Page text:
1. The typographical case against authenticity remains unproven, as far as I can tell: the small raised “th,” proportional spacing, and Times New Roman were all available on mass-market IBM machines of the period. (Note that you didn’t need a typewriter with a special “th” key; platen inserts were available.) That MS Word turns out to reproduce what an IBM typewriter would have done merely suggests that MS Word was designed properly.
2. That the documents might be genuine doesn’t show that they are genuine. So far, we don’t even know that they could be genuine, in the sense that we don’t know that they could have been produced on a machine that Col. Killian’s staff would likely have had access to.
3. CBS went with copies of copies of documents, and did so without establishing their provenance in a way that CBS is willing to share with the public. The typogaphical challenge, though it no longer seems like a lay-down, was obvious enough so that someone should have vetted the documents before publication, for example by reproducing them on contemporary equipment. Getting access to such equipment isn’t trivial, but it ought to be well within the capability of CBS News.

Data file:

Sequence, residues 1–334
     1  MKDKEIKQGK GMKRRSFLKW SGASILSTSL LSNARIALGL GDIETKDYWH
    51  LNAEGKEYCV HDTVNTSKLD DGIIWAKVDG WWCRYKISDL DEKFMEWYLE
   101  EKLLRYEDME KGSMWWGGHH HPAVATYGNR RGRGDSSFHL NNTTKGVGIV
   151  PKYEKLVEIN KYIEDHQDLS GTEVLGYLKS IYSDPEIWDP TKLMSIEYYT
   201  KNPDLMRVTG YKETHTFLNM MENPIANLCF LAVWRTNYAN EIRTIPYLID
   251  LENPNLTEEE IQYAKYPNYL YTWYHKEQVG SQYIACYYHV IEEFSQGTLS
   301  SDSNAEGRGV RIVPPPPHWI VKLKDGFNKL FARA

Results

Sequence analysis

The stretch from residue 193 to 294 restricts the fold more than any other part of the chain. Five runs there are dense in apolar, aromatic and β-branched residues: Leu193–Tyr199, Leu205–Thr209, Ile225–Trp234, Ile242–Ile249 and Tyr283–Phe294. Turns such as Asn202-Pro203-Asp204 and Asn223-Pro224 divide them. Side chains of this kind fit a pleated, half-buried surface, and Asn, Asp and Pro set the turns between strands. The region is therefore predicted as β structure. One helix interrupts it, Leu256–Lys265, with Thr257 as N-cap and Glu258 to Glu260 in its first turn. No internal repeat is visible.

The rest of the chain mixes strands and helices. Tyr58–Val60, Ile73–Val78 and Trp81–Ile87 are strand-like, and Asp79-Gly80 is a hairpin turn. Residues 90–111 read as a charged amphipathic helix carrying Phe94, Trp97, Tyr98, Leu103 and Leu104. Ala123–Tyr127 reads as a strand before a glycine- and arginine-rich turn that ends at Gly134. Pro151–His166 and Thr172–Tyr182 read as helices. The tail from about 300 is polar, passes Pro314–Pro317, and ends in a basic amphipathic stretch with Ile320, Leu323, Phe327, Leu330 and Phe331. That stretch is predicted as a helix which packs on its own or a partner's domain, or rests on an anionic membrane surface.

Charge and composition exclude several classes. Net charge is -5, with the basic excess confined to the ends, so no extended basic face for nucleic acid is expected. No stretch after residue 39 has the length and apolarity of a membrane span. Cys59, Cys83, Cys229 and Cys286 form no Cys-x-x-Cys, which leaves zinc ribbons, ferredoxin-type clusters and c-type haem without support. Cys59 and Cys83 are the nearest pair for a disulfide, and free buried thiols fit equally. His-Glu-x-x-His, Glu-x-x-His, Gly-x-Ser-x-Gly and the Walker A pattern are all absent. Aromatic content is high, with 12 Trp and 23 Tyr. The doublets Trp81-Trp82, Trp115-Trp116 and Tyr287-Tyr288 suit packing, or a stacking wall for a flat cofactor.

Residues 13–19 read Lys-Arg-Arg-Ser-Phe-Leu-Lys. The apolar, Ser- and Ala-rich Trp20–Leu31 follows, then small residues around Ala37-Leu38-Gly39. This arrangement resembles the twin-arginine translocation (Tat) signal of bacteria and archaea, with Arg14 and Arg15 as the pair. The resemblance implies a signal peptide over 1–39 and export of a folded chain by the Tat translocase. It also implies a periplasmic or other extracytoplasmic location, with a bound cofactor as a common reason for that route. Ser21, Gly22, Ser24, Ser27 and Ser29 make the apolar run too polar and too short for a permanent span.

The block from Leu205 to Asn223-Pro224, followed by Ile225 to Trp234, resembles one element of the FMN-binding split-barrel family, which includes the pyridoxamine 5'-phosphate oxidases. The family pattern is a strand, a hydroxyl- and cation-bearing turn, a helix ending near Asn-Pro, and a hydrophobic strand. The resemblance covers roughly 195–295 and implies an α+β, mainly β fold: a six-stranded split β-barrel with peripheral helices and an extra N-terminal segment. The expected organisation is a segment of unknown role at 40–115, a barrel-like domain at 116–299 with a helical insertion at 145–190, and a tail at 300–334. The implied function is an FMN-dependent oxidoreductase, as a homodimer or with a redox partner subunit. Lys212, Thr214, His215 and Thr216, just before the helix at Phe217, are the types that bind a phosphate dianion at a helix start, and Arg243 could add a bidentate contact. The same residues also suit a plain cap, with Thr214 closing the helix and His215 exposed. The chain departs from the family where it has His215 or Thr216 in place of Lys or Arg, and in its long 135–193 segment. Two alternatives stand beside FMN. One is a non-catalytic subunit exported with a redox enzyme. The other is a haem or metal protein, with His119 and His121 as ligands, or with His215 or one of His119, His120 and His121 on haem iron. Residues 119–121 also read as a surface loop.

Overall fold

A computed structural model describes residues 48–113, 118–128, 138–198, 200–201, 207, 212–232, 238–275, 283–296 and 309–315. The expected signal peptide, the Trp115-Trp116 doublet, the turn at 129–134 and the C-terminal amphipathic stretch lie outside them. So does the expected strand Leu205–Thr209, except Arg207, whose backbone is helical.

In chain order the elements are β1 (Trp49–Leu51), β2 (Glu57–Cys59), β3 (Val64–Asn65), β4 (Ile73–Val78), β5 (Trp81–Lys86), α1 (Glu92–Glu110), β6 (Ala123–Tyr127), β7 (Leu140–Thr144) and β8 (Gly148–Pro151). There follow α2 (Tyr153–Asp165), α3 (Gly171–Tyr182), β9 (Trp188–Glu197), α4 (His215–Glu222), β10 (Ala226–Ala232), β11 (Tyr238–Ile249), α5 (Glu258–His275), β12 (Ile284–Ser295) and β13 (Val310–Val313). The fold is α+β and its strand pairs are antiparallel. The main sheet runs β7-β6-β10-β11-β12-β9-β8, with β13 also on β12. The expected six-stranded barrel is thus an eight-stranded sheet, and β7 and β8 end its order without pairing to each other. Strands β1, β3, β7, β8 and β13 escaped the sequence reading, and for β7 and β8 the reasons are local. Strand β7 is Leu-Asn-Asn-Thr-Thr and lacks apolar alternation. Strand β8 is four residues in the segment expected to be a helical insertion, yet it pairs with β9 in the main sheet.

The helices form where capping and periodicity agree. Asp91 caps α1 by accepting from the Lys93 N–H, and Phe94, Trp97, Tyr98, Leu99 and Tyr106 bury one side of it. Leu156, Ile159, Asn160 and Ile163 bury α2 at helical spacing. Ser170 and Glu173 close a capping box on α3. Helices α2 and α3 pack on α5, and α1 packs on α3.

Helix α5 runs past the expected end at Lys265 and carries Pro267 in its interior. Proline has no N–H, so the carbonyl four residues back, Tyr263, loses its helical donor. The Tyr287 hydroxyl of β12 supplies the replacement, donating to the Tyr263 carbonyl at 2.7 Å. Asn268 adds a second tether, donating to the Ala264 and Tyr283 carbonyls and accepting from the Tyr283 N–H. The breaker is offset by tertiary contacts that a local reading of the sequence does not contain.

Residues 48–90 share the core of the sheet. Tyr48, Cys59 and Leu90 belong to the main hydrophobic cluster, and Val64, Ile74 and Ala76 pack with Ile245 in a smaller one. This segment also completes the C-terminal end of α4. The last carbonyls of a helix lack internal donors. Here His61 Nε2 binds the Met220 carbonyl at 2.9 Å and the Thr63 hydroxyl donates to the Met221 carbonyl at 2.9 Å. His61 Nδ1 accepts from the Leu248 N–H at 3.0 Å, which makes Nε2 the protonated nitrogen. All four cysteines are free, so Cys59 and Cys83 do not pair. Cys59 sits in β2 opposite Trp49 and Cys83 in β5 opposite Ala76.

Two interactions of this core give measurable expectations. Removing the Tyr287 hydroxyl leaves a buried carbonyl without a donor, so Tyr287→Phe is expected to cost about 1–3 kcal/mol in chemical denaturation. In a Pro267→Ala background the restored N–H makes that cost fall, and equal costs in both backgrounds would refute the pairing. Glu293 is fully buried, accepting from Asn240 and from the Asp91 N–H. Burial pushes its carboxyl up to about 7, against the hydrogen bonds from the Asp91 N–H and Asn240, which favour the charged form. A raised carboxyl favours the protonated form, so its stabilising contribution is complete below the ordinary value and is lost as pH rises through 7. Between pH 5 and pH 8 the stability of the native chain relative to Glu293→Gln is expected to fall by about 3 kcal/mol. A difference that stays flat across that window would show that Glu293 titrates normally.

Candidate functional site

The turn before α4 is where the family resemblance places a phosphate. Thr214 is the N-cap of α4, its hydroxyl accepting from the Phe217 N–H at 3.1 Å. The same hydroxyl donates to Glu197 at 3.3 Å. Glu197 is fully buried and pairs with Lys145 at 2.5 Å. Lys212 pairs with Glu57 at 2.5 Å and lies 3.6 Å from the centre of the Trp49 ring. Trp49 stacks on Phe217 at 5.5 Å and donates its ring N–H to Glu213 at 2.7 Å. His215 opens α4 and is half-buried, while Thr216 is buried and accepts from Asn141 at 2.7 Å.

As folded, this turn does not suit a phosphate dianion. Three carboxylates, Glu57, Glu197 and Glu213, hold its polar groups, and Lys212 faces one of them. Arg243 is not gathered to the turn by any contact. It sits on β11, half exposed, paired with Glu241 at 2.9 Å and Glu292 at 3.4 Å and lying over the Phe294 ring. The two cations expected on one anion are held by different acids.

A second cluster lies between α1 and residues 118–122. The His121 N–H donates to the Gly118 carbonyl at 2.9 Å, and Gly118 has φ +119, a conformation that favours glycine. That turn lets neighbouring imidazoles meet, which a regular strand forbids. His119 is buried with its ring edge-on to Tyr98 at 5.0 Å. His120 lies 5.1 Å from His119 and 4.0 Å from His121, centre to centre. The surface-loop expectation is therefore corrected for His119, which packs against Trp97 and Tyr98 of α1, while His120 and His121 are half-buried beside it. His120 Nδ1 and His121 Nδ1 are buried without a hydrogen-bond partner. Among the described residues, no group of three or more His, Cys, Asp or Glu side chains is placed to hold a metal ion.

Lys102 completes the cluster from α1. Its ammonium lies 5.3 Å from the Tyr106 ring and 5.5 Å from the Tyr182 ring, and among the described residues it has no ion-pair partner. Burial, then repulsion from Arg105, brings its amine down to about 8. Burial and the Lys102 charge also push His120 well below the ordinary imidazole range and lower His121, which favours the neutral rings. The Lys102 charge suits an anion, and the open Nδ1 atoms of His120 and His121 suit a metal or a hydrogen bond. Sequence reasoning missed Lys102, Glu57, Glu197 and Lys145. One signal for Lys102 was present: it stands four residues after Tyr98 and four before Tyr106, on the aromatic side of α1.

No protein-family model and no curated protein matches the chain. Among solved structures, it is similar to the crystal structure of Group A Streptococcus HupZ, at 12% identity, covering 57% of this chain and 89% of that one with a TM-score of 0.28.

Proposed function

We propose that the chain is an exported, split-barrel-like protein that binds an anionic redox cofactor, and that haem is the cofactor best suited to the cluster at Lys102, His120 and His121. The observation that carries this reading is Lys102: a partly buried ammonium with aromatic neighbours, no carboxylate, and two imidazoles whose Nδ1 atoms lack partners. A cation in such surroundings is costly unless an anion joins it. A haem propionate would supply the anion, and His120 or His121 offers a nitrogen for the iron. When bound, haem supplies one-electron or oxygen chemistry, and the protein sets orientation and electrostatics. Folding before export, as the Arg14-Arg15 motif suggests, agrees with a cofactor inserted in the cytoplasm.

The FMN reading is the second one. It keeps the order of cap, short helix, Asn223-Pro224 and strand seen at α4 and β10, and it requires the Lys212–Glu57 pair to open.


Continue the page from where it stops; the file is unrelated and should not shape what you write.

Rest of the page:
4. Going with such iffy documents seems journalistically questionable, though it’s still possible that the source is solid in a way that CBS knows but promised not to tell. If I were running CBS News, I’d have some questions to ask.
5. George W. Bush knows whether or not he was issued a direct order to take a flight physical by May 14, 1972. So far, neither he nor his spokesmen have done so. Why not?
6. Even if the documents are bogus, the questions about why 1LT Bush ignored the general regulation requiring an annual flight physical, and why no Flight Inquiry Board was convened as a result, remain. The explanations proffered by the White House don’t add up.
7. Also remaining in question: whether 1LT Bush ever showed up in Alabama, whether 1LT Bush actually accumulated enough points to constitute a full year of service for 1972 and 1973, whether 1LT Bush collected pay he wasn’t entitled to, and whether 1LT Bush was required to report for duty in Massachusetts and failed to do so.
8. Not in question: the fact that to get out of Vietnam George W. Bush signed a piece of paper asserting that “I have applied for pilot training with the goal of making flying a lifetime pursuit,” and that he then, having accepted $1 million worth of training, walked away from flying after 22 months.